Note: This session is foundational for the course later this month on ‘conducting sensitive interviews’ and students intending to attend that course, are strongly urged to attend this session on Informed consent

Facilitator: Josie Dixon, Assistant Professorial Research Fellow in CPEC, Department of Health Policy, LSE. 

 Click here for registration page

Ethical issues around studying social media and using social media data in research
Weds 16 March 2022, 3-5pm, in the PhD Academy

There is enormous potential to harness the power of social media as a researcher, not just to promote your research findings, but as a way to collect new and interesting data. However, the ethical principles around conducting research on social media and using social media data are something that need careful consideration before planning a research project.

In this session we will reflect upon a range of issues and questions that arise when you wish to analyse or use data from social media sites such as Twitter, Instagram, Facebook and Youtube. What are the gaps in the data available? That is, who are you excluding when doing social media research? What do concepts such as privacy, confidentiality and informed consent mean in research around social media? Are you allowed to text and data mine from social media? How do you do this? How do you get ethical approval for scraping data from social media? We’ll refer to good practice principles and guides from organisations such as the Association for Internet Researchers (https://aoir.org/ethics/) as well as sharing useful resources to help you get started.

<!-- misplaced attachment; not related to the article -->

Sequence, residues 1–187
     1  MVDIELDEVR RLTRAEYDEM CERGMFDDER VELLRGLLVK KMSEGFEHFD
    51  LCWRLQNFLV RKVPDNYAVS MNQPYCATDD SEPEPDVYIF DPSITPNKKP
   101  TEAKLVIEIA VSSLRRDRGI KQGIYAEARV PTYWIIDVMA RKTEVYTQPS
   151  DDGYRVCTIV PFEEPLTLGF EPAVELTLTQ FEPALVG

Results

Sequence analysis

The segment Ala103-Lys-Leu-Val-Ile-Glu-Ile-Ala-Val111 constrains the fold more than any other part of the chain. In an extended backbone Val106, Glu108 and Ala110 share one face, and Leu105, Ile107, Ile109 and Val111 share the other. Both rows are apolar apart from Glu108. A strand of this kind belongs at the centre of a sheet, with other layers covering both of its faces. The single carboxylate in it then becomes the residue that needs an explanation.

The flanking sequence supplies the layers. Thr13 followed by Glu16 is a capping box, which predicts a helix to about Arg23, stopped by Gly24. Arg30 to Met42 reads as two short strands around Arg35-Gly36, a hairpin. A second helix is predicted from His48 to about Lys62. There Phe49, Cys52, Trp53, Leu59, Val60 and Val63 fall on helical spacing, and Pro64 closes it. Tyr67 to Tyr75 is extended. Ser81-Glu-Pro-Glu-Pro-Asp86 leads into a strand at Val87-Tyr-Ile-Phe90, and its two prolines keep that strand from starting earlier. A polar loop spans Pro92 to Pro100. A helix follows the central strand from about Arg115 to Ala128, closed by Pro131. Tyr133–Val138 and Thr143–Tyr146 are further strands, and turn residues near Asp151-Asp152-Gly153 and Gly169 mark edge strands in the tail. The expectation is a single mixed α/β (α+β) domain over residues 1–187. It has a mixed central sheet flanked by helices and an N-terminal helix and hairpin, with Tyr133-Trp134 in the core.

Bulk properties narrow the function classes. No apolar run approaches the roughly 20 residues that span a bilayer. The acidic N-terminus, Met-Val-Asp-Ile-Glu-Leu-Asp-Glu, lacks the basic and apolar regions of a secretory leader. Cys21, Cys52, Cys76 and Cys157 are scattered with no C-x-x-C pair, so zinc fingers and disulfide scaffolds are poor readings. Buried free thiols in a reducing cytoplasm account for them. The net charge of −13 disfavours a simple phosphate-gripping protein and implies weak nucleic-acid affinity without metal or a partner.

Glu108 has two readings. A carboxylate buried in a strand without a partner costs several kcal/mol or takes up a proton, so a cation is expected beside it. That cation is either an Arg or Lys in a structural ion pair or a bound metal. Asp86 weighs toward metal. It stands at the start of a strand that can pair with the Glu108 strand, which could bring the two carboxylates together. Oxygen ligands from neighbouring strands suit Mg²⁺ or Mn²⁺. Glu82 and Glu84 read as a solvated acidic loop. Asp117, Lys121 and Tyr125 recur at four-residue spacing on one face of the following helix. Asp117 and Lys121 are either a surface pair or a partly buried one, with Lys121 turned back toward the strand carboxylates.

We encourage participants to bring their own research projects and examples, experiences, questions and concerns to the session.

If possible please take a look at the following two publications for discussion:

https://search-proquest-com.gate3.library.lse.ac.uk/docview/861541787?accountid=9630&rfr_id=info%3Axri%2Fsid%3Aprimo

https://plato.stanford.edu/entries/ethics-internet-research/

Facilitator: Ellen Helsper, Professor in Digital Inequalities, Department of Media and Communications 

 Click here for registration page

Conducting sensitive interviews
Weds 30th March 2022, 2-4 pm (online)

Sensitive interviews include interviews about emotionally difficult topics or deeply personal issues, interviews with vulnerable populations or research that could have negative consequences for participants. What are the ethical and practical considerations in conducting such interviews? How has the Covid-19 pandemic affected these? What are the risks for respondents and how should these be managed? What will researchers need to consider in order to gain ethical approval for such research? What are the researcher’s responsibilities? What skills and competencies are required in the conduct of such interviews? What issues might arise in practice and what strategies can interviewers employ in the moment? What are the possible impacts for researchers and how can these be addressed? Participants are invited to bring their own research projects and examples, experiences, questions and concerns to the session.

Note: Students attending this session are expected to have a solid understanding of the principles of informed consent and are strongly urged to attend one of the sessions on Informed consent scheduled earlier in the term

Facilitators: Josie Dixon is an Assistant Professorial Research Fellow in CPEC, Department of Health Policy, LSE. 

Click here for registration page